Through the wind and rain

Having had a glorious day of sunshine on Saturday, I was looking forward to a long planned walk with our friends Ben and Caroline on Sunday. On waking up, I quickly realised that a lovely stroll in the sunshine was not what we were in for. The weather could not have been more opposite in character- throughout the day we had rain, sleet, hail and a lot of wind. Not exactly perfect for an adventure on foot. Although we made a detour en route to the lovely Rosie Lea tea rooms in Brockenhurst for a cuppa in the hope the rain would ease off by the time we’d finished, the miserable weather continued.

Warmed and undeterred, we jumped in the car and made our way over to Pennington Marshes to see how far we could wander before we gave up. Caroline and Ben have been following this blog so far (hello guys!) so birding was on the agenda, and through the wind and rain Chris and I were able to point out Wigeon, Teal, Pintail, Shoveller, Little Egret, Coot, Turnstone, Redshank and Oystercatcher among others, before we were so frozen in the sea breeze that we had to return to the car to warm up and dry off.

Pennington Marshes

The boys march on checking out Dunlin whilst I’m distracted by Turnstones!

There’s been a ‘burder’- looks like a Swan wasn’t very lucky…

I’ve never had so much fun getting cold. Looking forward to our next outing!

In other news, my garden is becoming a bird haven- I spied 2 pairs of Siskin on Sunday and a lone Goldcrest on Monday morning whilst having breakfast. Sorry Bill Turnbull et al, the garden is becoming much more compelling viewing than BBC Breakfast!


A quick note on Chris’s behalf- he’s been super busy recently working a load of 8:00- 22:00 days to get a load of work out of the way, so not much time for blogging. I promise he’ll be back soon- his posts are far more entertaining than mine!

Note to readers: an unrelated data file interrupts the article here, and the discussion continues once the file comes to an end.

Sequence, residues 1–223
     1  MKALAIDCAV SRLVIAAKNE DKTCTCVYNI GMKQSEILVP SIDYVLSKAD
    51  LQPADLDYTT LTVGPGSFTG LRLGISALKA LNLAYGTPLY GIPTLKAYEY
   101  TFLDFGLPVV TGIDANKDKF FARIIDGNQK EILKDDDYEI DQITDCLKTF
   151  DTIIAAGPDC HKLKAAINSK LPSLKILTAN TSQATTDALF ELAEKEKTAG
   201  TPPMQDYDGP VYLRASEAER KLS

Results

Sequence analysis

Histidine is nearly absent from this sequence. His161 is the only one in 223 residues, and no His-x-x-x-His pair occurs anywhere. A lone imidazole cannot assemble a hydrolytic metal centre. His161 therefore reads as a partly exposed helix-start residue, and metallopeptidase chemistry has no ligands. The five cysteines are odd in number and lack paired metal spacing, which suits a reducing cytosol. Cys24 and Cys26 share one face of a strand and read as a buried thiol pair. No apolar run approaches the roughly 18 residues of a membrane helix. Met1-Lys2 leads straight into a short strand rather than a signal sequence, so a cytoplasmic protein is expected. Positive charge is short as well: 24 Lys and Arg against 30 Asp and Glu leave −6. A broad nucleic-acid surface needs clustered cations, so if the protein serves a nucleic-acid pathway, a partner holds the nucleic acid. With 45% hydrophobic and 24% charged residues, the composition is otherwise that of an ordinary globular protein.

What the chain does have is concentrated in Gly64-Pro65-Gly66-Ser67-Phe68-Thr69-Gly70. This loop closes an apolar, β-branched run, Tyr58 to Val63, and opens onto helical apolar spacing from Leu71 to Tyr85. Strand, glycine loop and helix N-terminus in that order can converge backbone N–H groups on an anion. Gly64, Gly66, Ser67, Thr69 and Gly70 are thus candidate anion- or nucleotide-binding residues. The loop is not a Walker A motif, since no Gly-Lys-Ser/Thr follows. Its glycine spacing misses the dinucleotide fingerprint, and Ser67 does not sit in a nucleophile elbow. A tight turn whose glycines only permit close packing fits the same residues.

Jo’s February Round Up

So after storming my way to 81 in January, today I finally totted up my birds this year into an official list. You can see it in its entirety here. In doing so, I’ve realised I managed to miss a few species off my January total, and that number should stand at 85. Having ticked off most of the common birds in January, I knew that continuing to find new species would be a tall order. I have to say, that I’m fairly happy with my February total of 19, bringing my year total to 104!

Having listed my birds of the year properly, I am loving that my 100th bird of the year was the Nuthatch as it gives me an excuse to link to this gorgeous Charley Harper image. Enjoy!

Hawk Highlights

Whilst Chris was entertained by his Owl Flying Experience, I spent last Tuesday at the very quiet (winter weekday) and very lovely (amazing work with Raptors) Hawk Conservancy Trust near Andover, Hants. I’ve been going to this place since I was a child and it never gets less special.

In between the day’s flying demonstrations, I spent time watching an unusually pale Buzzard attempting to have Rabbit for lunch before being seen off by a beautiful female Kestrel.

I also took my camera with me to capture some of the residents, so here goes with a couple of photographic Eagle highlights (Golden and Bald):

Third time lucky

Having booked another long weekend off work, Chris and I decided ‘not’ to plan to go to Slimbridge last Monday as the last 2 times we’ve planned to make the (rather long) trip overnight snow put paid to the idea. This time though, the weather was on our side, and I have a confession. For the first time, Chris out-birded me both in enthusiasm and staying power.

Part of the reason for our journey was to visit the In Focus opticals shop for us both to choose some new bins (I’ll let Chris fill you in). Short version is that we are very pleased with our new purchases- the clarity is just amazing.